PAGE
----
• Stefan Youngblood

Stuck in Moscow

I like flying. The whole idea of going somewhere, in my book, is better than going…nowhere. But, I wanna be the one to decide where I’m going and when I’m going. 

I set out a few weeks ago from Houston thinking I had one stop in Singapore before my final destination, Myanmar. Instead, the captain announced after takeoff, “Well, ladies and gentleman, sit back and enjoy our nonstop flight to Moscow.” Moscow…as in Russia? I never knew we were going to Russia. I’ve been there and don’t really want to return. I didn’t even want to stop in the airport in Moscow. To me its like saying, “Oh. we’re sending you to Siberia.” I simply didn’t know we had to go through Russia to get to my final destination.

Isn’t it like that in life sometimes? You think you’re going one place, and God takes you on a different route, different scenery, with unexpected layovers you never would’ve planned. Lord, you mean we’re gonna stop in Divorceland, Detoxville, and then Unemploymentown all on the way to BrokenandUseful City? That’s not exactly what I signed up for.

Maybe you’re asking yourself today, “How in the world did I end up on this layover in Moscow?” Well, maybe God’s flight plans are different than our own. Maybe you and I need that refueling in Moscow to make it on to the next leg. So what’s your Moscow today?

I started to think about all this stuff as I sat in my middle seat (and that’s another blog in itself), staring at this little satellite map of our plane as it made it’s way to the other side of the world. I found out that if you watch the map on that little screen long enough, it’ll seem like you’re not going anywhere, even though it says we’re moving at 600mph. Ever feel that way?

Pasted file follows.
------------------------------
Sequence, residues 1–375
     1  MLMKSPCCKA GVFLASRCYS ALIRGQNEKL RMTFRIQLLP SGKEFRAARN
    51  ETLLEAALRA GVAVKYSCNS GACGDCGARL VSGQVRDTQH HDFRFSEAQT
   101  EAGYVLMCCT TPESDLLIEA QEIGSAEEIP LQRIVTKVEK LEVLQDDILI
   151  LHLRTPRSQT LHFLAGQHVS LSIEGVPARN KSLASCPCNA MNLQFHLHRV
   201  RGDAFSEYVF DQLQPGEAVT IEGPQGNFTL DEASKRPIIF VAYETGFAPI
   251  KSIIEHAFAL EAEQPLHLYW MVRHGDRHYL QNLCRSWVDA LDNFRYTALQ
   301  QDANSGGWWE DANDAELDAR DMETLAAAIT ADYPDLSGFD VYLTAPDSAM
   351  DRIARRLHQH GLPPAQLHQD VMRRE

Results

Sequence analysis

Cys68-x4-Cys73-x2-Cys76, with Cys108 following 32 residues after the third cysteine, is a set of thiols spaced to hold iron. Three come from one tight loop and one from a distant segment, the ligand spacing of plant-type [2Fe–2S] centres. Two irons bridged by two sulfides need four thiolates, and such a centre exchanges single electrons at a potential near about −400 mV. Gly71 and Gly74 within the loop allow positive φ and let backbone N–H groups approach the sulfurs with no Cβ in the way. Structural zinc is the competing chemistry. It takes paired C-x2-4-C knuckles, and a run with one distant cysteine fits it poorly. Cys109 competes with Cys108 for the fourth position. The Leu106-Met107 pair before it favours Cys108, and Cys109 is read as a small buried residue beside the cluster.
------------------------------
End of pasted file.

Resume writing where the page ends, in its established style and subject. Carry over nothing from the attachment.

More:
I’m convinced that in life these stopping points are needed in order for us to make it to our final destination. We would do well to abandon our own plans, and ask God to “take me where you want, when you want (even sitting in the middle seat).” Choosing His plans over ours reminds me of Lance Winkler’s modern adaptation of John Wesley’s great prayer:  

I am no longer my own, but yours. Put me to what you will, place me with whom you will. Put me to doing, put me to suffering. Let me be put to work for you or set aside for you, praised for you or criticized for you.  Let me be full, let me be empty. Let me have all things, let me have nothing. I freely and fully surrender all things to your hope and service. And now, O glorious and blessed God, Creator, Redeemer, and Sustainer, you are mine, and I am yours. So be it.

So my friend, find yourself in a cold, strange, unplanned Moscow today? Realize that it’s all a season. A stopover. A situation that God has allowed to happen for your good and for His will. And you can believe, “All things work together for good to those who love God and are called according to His purposes”…even stops in Russia.

There’s no place like Hope, 

Stefan  <!–[if !mso]>

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